Tonality In Lead Guitar Playing

This training lesson contains play along tracks which will help you to learn how to use the six scales in the modern palette. To use the scales you must be aware of not only the musical tonality of the music but also the artistic qualities they possess, the emotional and psychological impact they have on you and your music. The table below describes the sound of the scales and help you think of the six scales as being divided into two families:

(1) MAJOR
Bright, Happy, Tuneful, Fresh
Major Pentatonic
Sweet, Melodic, Tasty
Major Blues
Smooth, Melodic, Bluesy But Clean & Major
(2) MINOR
Dark, Sad, Mysterious Mournful, Contemplative
Minor Pentatonic
Hot, Funky, Rockin', Bad, Kick Ass
Blues
Bluesy, Smooth, Cool, Funky, Rockin'

 

Procedure

In the previous lesson, I suggested that you memorize two fingerings for each one of the six scales in the modern palette: (1)the pattern with its root on string six and (2) the fingering with its root on string five. For the last two lessons we've been working with a C root note but have also practiced transposing the scale shapes using root 6 and root 5 thinking. Practice the scales in this diagram without accompaniment, composing melodies with a sense of rhythm. The starting point is the C root note and is drawn as a big red pentagon. When running the scales, don't break your rhythm until you play the entire scale and return the C root note. In this way, you force yourself to hear this as the natural and logical starting and ending point of each scale. After you spend some time with this, apply your new skills and ideas to the play along tracks.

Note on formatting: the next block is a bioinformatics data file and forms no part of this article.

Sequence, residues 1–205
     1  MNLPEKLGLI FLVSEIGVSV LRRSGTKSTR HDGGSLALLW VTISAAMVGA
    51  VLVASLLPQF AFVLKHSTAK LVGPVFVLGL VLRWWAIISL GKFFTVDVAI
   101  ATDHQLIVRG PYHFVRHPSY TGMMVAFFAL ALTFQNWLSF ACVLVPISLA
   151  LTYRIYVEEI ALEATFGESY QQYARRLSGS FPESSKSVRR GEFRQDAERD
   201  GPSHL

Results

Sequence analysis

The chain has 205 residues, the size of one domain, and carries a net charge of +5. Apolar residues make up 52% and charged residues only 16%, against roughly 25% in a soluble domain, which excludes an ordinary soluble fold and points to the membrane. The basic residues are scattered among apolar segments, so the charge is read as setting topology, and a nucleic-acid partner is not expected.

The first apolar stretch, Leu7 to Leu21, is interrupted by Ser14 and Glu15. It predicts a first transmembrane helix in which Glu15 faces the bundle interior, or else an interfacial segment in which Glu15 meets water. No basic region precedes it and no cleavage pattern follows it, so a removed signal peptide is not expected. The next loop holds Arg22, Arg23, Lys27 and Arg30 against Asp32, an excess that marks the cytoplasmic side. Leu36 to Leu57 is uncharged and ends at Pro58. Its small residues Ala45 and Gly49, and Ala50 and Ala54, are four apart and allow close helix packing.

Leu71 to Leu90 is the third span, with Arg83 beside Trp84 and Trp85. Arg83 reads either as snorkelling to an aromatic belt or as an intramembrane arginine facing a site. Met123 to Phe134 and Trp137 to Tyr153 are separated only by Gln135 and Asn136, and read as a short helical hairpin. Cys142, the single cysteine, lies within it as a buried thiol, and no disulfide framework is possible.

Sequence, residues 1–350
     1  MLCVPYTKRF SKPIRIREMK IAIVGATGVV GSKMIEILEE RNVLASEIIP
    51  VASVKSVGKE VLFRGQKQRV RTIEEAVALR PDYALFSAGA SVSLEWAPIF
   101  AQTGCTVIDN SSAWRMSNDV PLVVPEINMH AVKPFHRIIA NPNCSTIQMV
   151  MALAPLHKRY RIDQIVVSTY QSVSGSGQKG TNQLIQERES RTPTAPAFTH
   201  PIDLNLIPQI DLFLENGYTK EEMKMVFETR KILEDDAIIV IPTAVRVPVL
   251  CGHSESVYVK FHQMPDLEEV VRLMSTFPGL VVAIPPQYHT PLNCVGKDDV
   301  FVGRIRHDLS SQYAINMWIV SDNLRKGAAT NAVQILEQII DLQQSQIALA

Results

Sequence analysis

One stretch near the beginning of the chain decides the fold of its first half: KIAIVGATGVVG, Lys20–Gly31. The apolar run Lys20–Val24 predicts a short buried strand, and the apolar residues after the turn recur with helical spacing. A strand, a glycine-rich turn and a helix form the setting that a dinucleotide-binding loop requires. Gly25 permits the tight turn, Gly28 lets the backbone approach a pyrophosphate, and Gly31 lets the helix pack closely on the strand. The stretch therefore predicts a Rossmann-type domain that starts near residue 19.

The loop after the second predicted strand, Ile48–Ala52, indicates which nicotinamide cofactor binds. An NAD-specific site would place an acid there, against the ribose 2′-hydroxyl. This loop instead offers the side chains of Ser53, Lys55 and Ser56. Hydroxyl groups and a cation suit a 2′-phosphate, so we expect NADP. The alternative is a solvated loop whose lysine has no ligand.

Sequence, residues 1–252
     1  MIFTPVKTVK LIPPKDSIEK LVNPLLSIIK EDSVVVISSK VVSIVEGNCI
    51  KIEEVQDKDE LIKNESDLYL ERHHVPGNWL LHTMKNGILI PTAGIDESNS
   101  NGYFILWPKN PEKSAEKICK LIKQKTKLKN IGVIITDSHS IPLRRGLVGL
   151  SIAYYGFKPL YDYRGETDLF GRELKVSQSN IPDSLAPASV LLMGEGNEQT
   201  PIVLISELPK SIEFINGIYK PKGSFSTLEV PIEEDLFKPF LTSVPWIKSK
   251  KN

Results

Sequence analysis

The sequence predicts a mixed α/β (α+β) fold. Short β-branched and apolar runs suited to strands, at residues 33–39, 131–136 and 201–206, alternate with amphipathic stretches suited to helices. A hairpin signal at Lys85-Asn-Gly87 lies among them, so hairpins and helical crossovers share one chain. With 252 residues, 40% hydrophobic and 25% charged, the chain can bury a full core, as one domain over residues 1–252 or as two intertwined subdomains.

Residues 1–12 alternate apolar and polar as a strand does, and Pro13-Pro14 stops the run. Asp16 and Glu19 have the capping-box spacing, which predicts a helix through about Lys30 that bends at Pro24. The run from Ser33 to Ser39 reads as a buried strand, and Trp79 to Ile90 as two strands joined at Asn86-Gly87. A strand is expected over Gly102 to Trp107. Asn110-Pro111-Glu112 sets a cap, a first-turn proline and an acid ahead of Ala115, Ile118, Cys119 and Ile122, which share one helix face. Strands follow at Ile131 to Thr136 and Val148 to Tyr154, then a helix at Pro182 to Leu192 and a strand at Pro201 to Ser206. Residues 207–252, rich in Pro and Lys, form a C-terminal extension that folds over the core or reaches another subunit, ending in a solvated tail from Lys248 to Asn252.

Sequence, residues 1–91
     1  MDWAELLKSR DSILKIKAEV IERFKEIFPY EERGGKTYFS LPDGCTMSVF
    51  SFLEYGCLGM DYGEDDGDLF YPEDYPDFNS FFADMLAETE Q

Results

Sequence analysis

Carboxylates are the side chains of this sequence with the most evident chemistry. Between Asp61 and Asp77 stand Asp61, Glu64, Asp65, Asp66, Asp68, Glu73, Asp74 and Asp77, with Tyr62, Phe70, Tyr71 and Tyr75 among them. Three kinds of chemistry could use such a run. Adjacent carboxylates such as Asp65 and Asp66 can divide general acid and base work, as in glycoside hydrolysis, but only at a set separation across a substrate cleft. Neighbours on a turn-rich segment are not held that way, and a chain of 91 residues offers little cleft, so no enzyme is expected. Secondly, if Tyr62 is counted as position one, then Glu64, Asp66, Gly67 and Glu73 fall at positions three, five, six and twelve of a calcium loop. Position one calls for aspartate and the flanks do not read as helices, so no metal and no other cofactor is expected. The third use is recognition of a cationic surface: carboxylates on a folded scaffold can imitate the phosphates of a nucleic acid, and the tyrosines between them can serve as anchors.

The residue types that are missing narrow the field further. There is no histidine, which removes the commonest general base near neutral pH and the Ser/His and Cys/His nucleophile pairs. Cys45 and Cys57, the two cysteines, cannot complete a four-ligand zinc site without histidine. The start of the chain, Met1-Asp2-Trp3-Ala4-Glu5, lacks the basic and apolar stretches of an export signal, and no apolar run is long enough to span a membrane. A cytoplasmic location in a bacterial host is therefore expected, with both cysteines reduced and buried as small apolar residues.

Whats The Big Idea?

Developing solos means having ideas, like writing a poem, there are not only themes throughout the work but a beginning, middle and end. Below are background tracks, without solos, similar to the listening exercises found in the previous lesson. As you develop your lead guitar playing vocabulary and abilities, your ‘chops,’ remember to think of use the concepts and elements of melodic construction we have discussed so far in this course:

Major Tonality

The recorded examples below are classic chord progressions and cadences base entirely on the key of C major. A harmonic analysis of each chord appears directly next to that chord and the scale choices for the entire exercise are in pink boxes to the right of the selection.

These play along tracks are short and are repeated once, this encourages to get right down to the business of creating interesting melodic solos, not rambling on and on.

 

 

Pentatonic Tonality

The recorded examples below are based on the C minor pentatonic but cadence to a C major chord. The mystery surrounding this concept is one of the wonderful things about rock and blues based music. I always like to say that modern styles of music play the game of traditional music theory in a fast and loose manner.

Minor Tonality

Well known and well used chord progressions are used in the examples below. Music that is so clearly and completely in the minor tonality demands a minor scale. The three most logical and most popular scale choices below are all taken from the six most important scales in lead guitar playing.

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Dominant Tonality

In many blues, jazz, rock and funk songs, the tonality of the song is a dominant 7 one, a C7 sound in the case of the music below. In this soloing situation, most experienced players may rely exclusively on the minor pentatonic scale and the blues scale for the entire progression. When you experiment with the major pentatonic scale and the major blues scale you will find some pleasant surprises and unexpected colors.

The 12 bars blue progression that makes up the exercise is played once through, stops and then plays again. This is because the goal of the exercise is to play one logical, conversant and coherant solo that is 12 bars in length, forllows the rhythm nicely and comes to a strong ending.